The aerospace company GKN has announced that it will definitely be closing its Yeovil site at the end of next year.
The company which makes airframes for Royal Navy helicopters began formal consultations with unions last month.
It came after Leonardo - which assembles the Wildcat helicopter in the town - told GKN it planned to take production in-house. GKN say they will try to help the 215 Somerset employees find alternative jobs at other UK sites.
A GKN spokesman said:
Following Leonardo’s decision to take all future AW159 Wild Cat work in-house, we announced in October that GKN Yeovil, as it stood, was no longer a viable business and we began a consultation period based on two options: significant downsizing or full closure.
Since then, we have explored all possible options to avoid closure. However, we have found no realistic chance of significant, long-term helicopter work in the foreseeable future, and we have been unable to find a solution that would make GKN Yeovil a sustainable business.
As a result, we are deeply saddened to announce that we will now proceed to consult on the basis that the site will close at the end of next year (2017).
Consultation with nominated employee representatives will continue, now focused on the appropriate steps towards closure in thirteen months’ time. Every effort will be made to support people throughout this difficult period and, wherever possible, GKN will seek to offer alternative jobs to employees at other UK sites.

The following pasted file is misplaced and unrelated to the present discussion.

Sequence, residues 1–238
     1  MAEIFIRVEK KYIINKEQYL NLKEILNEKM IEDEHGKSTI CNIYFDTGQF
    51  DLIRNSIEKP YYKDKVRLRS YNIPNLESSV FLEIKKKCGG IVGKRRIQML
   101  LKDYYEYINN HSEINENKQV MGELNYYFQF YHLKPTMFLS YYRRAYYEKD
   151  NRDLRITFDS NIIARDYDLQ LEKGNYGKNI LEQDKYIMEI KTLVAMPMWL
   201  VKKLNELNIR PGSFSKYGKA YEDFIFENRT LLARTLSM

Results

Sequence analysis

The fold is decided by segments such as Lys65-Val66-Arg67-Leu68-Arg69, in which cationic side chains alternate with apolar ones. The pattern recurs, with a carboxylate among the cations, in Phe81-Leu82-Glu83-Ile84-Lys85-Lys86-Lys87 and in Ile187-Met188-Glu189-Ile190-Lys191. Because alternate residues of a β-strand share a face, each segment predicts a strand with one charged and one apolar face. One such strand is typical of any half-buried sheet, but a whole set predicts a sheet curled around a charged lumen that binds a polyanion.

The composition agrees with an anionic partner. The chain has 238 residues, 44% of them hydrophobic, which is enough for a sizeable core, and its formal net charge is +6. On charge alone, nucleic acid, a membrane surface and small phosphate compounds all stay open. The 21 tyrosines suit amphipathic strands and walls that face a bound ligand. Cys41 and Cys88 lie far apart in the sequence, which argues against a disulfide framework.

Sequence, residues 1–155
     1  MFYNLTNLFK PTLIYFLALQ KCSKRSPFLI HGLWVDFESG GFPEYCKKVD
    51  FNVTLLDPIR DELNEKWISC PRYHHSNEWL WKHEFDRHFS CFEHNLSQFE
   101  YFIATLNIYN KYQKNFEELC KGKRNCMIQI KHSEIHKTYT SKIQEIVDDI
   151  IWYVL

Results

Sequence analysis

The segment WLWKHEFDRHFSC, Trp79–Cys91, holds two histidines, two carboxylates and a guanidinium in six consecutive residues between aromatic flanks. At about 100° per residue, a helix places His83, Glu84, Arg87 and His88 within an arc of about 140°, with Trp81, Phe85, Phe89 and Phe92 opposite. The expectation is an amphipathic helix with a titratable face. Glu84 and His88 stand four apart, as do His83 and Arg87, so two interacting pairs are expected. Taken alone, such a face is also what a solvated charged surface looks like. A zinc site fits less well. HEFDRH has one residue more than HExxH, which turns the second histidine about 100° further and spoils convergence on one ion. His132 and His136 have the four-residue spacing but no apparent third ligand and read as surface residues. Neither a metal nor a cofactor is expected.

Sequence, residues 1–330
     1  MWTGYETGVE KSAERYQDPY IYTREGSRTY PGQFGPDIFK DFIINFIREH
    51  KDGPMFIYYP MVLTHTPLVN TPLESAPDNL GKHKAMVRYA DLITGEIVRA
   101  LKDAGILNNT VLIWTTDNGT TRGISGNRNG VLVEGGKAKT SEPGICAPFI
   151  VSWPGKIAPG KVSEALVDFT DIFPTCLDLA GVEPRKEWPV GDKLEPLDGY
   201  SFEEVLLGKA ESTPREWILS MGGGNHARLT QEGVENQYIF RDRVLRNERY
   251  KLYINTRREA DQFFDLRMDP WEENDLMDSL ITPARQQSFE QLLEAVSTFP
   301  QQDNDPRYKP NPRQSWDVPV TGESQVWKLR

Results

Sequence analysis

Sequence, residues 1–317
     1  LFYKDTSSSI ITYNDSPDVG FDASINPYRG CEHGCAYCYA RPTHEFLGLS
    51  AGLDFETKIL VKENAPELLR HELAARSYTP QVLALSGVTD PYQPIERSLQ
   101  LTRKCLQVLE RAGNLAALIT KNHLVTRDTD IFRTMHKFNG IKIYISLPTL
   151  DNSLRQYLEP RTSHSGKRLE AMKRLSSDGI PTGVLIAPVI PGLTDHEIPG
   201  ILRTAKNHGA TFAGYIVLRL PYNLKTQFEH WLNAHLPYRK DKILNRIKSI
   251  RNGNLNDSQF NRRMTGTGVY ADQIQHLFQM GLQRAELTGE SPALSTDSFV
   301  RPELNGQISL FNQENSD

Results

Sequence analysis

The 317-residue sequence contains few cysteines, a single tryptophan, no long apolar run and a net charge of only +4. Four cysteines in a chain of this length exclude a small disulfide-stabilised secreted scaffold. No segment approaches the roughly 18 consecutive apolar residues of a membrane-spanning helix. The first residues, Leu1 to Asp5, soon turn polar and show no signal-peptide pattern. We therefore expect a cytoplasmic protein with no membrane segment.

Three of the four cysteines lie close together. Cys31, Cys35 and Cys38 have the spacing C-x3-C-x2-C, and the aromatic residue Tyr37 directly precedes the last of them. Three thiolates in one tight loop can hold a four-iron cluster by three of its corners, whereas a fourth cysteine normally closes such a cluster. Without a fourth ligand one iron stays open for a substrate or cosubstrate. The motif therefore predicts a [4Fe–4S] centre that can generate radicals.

Lord Ashdown has responded to the news:
“Even if this news was expected by many, it is sad news and bad news for Yeovil and those affected especially just before Christmas. My heart goes out to them and their families. This is the inevitable consequence of the foolish decisions by this government to give the recent apache order to the United States without even a competitive tender.”
“It is vital now for the Yeovil site and for our communities future prosperity that the Government foes two things: firstly uses the tooling at GKN, which they own, as leverage to insist that this work stays on the Yeovil site and is not allowed to be exported to Italy or anywhere else. Secondly to make it explicitly clear in the forthcoming policy paper on Britain’s industrial strategy that the govern sees Yeovil’s capability to design and construct helicopters on the integrated site in Yeovil as an essential part of the nation’s industrial base.”
“I will continue to lobby pressure the government to do this, along with the local unions and I hope Yeovil’s Member of Parliament, if he is prepared to work with us.”